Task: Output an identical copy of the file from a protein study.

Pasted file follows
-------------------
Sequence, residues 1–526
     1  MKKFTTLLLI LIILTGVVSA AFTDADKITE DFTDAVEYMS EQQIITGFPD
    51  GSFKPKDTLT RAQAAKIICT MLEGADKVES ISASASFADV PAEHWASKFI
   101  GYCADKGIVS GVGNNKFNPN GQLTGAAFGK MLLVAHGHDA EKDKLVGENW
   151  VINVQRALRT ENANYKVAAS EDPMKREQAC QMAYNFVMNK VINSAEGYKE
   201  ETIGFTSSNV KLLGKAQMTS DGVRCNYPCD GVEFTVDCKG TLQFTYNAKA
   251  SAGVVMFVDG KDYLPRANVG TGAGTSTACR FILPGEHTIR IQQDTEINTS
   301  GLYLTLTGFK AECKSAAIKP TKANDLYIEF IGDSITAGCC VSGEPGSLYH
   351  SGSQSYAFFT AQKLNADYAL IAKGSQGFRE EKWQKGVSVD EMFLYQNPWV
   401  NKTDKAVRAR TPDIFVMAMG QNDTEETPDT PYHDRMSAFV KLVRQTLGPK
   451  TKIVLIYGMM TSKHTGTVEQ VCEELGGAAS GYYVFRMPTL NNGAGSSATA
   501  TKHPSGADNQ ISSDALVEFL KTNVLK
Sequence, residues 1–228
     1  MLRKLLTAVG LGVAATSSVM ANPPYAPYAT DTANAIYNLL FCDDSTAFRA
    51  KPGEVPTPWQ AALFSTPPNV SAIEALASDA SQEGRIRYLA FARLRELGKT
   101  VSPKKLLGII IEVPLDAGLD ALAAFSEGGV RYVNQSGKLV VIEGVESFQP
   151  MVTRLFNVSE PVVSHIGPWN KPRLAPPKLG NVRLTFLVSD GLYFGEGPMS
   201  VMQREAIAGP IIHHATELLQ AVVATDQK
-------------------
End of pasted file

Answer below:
Sequence, residues 1–526
     1  MKKFTTLLLI LIILTGVVSA AFTDADKITE DFTDAVEYMS EQQIITGFPD
    51  GSFKPKDTLT RAQAAKIICT MLEGADKVES ISASASFADV PAEHWASKFI
   101  GYCADKGIVS GVGNNKFNPN GQLTGAAFGK MLLVAHGHDA EKDKLVGENW
   151  VINVQRALRT ENANYKVAAS EDPMKREQAC QMAYNFVMNK VINSAEGYKE
   201  ETIGFTSSNV KLLGKAQMTS DGVRCNYPCD GVEFTVDCKG TLQFTYNAKA
   251  SAGVVMFVDG KDYLPRANVG TGAGTSTACR FILPGEHTIR IQQDTEINTS
   301  GLYLTLTGFK AECKSAAIKP TKANDLYIEF IGDSITAGCC VSGEPGSLYH
   351  SGSQSYAFFT AQKLNADYAL IAKGSQGFRE EKWQKGVSVD EMFLYQNPWV
   401  NKTDKAVRAR TPDIFVMAMG QNDTEETPDT PYHDRMSAFV KLVRQTLGPK
   451  TKIVLIYGMM TSKHTGTVEQ VCEELGGAAS GYYVFRMPTL NNGAGSSATA
   501  TKHPSGADNQ ISSDALVEFL KTNVLK
Sequence, residues 1–228
     1  MLRKLLTAVG LGVAATSSVM ANPPYAPYAT DTANAIYNLL FCDDSTAFRA
    51  KPGEVPTPWQ AALFSTPPNV SAIEALASDA SQEGRIRYLA FARLRELGKT
   101  VSPKKLLGII IEVPLDAGLD ALAAFSEGGV RYVNQSGKLV VIEGVESFQP
   151  MVTRLFNVSE PVVSHIGPWN KPRLAPPKLG NVRLTFLVSD GLYFGEGPMS
   201  VMQREAIAGP IIHHATELLQ AVVATDQK